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Public Statements

Expressing Regret for Passage of Laws Adversely Affecting the Chinese in the United States

Floor Speech

Location: Washington, DC


Mr. SMITH of Texas. Mr. Speaker, I yield myself such time as I may consume.

Mr. Speaker, I first want to thank the gentlewoman from California (Ms. Chu) for introducing H. Res. 683, expressing the regret of the House of Representatives for the passage of laws that adversely affected the Chinese in the United States, including the Chinese Exclusion Act.

I know, through conversations with several of my colleagues, including the ranking member of the Foreign Relations Committee, Mr. Berman, that this is an important resolution for them and their constituents.

The resolution concerns laws passed by the House of Representatives that restricted the civil rights of certain individuals in the United States based solely on the ethnicity of those individuals. Specifically, during the late 19th and early 20th centuries, Congress passed, and Presidents signed, laws that restricted the rights of people of Chinese ethnicity.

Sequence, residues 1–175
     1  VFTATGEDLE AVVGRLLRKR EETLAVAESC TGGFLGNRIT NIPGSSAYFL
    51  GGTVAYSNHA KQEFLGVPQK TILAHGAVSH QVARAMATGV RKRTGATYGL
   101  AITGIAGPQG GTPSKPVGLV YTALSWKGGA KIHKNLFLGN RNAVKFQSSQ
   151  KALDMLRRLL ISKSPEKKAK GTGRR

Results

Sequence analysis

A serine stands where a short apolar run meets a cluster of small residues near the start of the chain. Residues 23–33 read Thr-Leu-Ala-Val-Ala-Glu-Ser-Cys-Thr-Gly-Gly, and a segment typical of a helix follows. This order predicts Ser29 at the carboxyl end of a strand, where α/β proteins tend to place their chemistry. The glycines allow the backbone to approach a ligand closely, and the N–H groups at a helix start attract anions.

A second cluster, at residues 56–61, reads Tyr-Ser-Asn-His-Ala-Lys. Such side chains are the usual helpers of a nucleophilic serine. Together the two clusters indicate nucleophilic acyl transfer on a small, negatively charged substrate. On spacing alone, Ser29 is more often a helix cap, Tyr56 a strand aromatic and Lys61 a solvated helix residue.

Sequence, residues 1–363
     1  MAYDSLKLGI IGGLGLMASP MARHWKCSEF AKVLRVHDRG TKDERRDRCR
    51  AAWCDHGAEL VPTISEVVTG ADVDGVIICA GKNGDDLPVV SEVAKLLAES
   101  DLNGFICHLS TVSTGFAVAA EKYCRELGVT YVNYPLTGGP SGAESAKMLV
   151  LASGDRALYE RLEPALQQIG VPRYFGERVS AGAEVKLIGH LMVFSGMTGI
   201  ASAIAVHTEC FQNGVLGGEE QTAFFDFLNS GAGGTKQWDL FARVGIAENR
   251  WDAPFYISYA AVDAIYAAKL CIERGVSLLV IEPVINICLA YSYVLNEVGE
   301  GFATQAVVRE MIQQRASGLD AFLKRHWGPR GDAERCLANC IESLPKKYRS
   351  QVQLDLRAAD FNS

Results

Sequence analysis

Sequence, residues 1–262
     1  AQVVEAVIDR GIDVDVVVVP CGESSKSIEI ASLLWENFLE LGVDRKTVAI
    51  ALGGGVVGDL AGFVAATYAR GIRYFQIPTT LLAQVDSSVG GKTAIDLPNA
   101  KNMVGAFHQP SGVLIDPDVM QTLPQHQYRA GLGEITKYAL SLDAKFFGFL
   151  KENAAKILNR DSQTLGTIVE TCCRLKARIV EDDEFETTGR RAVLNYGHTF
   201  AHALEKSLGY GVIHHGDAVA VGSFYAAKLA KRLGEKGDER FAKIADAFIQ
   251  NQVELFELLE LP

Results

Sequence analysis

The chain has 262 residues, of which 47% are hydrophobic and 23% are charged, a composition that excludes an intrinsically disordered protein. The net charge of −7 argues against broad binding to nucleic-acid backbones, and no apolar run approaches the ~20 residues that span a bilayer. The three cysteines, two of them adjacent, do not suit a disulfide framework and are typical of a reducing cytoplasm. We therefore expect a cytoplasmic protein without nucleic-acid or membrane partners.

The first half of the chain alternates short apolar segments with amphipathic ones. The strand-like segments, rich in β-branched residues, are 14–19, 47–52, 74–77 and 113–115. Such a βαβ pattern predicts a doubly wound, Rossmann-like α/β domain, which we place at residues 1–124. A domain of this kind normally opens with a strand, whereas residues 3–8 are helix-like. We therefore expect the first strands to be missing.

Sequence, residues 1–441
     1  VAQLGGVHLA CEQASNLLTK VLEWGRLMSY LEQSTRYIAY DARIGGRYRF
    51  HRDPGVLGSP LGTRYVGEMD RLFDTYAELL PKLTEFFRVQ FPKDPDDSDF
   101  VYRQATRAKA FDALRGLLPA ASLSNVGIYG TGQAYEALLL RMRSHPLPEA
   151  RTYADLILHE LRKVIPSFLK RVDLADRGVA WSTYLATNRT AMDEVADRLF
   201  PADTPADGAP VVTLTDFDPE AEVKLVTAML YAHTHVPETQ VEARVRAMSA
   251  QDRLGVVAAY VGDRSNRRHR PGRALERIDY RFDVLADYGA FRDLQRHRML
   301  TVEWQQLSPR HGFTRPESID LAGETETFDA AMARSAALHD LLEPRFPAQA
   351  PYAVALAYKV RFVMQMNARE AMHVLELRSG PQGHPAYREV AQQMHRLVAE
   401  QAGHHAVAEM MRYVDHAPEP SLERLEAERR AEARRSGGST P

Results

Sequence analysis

For instance, in March 1882, the House of Representatives passed the initial Chinese Exclusion Act that denied Chinese people the right to be naturalized as American citizens. And in April 1892, the House of Representatives passed the Geary Act, which reauthorized the Chinese Exclusion Act for 10 years and denied Chinese immigrants the right to be released on bail upon application for a writ of habeas corpus.

Laws that deny certain civil rights to individuals legally in the United States are inconsistent with the values on which this country was founded. I thank the gentlewoman from California for working with me to refine the text of this resolution.

I reserve the balance of my time.


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